Seralini anti-Monsanto study was so poorly conducted it harms the anti-GMO movementSubmitted by Delysid on Mon, 09/24/2012 - 16:41
Credit for the text goes to Reddit username kerovon. It is a sad day when Reddit is more sensible than the DailyPaul. I encourage everyone to read through the comments on this thread as it contains some very intelligent scientific insights.
"Alright, I'm going to run through some of the problems from the study, so people don't have to dig through links themselves.
First, issues with the study author and initial reporting. The study was done by Gilles-Eric Séralini, who is a well known Green Peace funded anti-GMO activist (http://reason.com/blog/2011/01/19/greenpeace-financed-scientist). While being associated with a group that has prior interest isn't a guarantee that his work is bad, it does raise an immediate red flag that says you should look at it a bit more closely. Additionally, while he does say that there is no conflict of interest in the paper, you should look at a amazon search in his name (http://www.amazon.com/Gilles-Eric-S%C3%A9ralini/e/B001K7OMLK...). He does make money off of the anti-GMO food position. Again, see the previous disclaimer.
With the initial reporting, the journalists who had access to the study in advance had to sign a contract saying that they would not talk to any scientists who were not directly involved in the study. This means that they had to rely on their own knowledge of GMO crops and study design for whatever they wrote. This generally means all early reporting will be biased in favor of the study's author's positions.
Second, problems with the study. The first one that comes to mind is that they had a control group of only 20 rats, which was then subdivided into two groups of 10 male, and 10 female rats. This is an incredibly small control. He also used 10 groups of 20 rats, similarly divided to test each of his 10 different variables (Which is rather complex). A major problem with this is that Sprague Dawley rats have a very high tumor incidence rate naturally. By very high, we are talking approximately 72% of female Sprague Dawley rats develop tumors within 2 years (Spontaneous endocrine tumors in Sprague-Dawley rats., Suzuki et al, 1979; http://www.ncbi.nlm.nih.gov/pubmed/521452). If he was using a group of 1000 rats for each one, you could expect numbers very different from 72% to indicate something meaningful. Because he is looking at effectively 10 rats, it is not unreasonable for only 50% to get tumors, and its not unreasonable for 100% to get tumors, because probability.
They don't appear to have done any blinding on the tests, which can allow researcher bias to show through when analysing the rats. Blinding is a basic thing used in noncontroversial research. It certainly should be used in something like this.
Going back to the complexity of the experiment, it looks like the measured upwards of 47 different parameters in their testing. However, their statistical analysis is bad. Really bad. They didn't do basic things like checking for the statistical power of the design. They also leave massive gaps in their statistical methodology, like not giving any info on how they looked at mortality or tumor data. The appear to have done statistical fishing for interesting results, while ignoring a lot of standard analyses to see if their results mean anything. (http://michaelgrayer.posterous.com/in-which-i-blow-a-gasket-...)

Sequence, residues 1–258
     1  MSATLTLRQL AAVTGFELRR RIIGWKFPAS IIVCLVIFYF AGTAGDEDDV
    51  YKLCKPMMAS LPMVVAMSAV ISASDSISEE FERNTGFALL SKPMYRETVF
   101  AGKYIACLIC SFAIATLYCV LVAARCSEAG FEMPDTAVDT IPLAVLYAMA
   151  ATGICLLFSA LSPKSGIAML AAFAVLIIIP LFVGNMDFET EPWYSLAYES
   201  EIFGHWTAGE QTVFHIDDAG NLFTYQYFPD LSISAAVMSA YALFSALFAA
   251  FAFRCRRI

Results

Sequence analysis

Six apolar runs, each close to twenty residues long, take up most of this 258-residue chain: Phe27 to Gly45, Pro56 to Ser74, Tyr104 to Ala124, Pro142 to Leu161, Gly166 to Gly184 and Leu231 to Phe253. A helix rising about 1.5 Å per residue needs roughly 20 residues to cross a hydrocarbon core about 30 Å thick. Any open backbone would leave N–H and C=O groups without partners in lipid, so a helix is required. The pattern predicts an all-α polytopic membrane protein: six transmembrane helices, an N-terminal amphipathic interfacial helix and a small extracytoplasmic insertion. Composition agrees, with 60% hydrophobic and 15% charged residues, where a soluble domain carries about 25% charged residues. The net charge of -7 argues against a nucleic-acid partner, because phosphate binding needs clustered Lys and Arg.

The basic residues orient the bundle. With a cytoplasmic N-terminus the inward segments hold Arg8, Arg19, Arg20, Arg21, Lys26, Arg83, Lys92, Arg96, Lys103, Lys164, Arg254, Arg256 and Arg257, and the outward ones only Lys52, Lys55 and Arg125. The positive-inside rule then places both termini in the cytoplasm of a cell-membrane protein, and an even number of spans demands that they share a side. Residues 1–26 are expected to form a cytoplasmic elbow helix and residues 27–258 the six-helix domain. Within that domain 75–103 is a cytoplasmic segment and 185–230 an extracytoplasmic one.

Another problem, is that they quote ”All data cannot be shown in one report and the most relevant are described here”. This is not done. Ever. This means that the authors almost certainly cherry picked only the best results to show.
They tested both response against GM corn, and corn with the roundup herbicide, and reported THE EXACT SAME EFFECT for two vastly different treatments. There are ZERO mechanisms that can explain this, but they came up with it anyway.
They didn't control for the total amount of food consumed, so the rats could easily gorge themselves, which can effect the rate of tumor incidence. They didn't control for fungal contaminants on the food, which can effect the rate of tumor incidence.
They didn't control for the fact that standard rat chow can frequently contain GM corn, so even their controls were probably exposed to it (http://www.forbes.com/sites/timworstall/2012/09/21/proof-per...)
Their graphs are needlessly complex, which obfuscates them to a massive amount. This means that it is very hard to try to draw your own conclusions from them, so you need to rely on theirs.
They didn't do any dose response analysis to see if the different doses actually mattered. For all they can tell, 11%GM food causes the exact same response as 33%GM food.
In short, this study was bad. It doesn't matter what your ideological position is, drawing any conclusions from this study would be wrong.
Other places to read more, they I used heavily for this writeup: http://scienceblogs.com/insolence/2012/09/24/bad-science-on-... http://theness.com/neurologicablog/index.php/the-gm-corn-rat... http://www.newscientist.com/article/dn22287-study-linking-gm...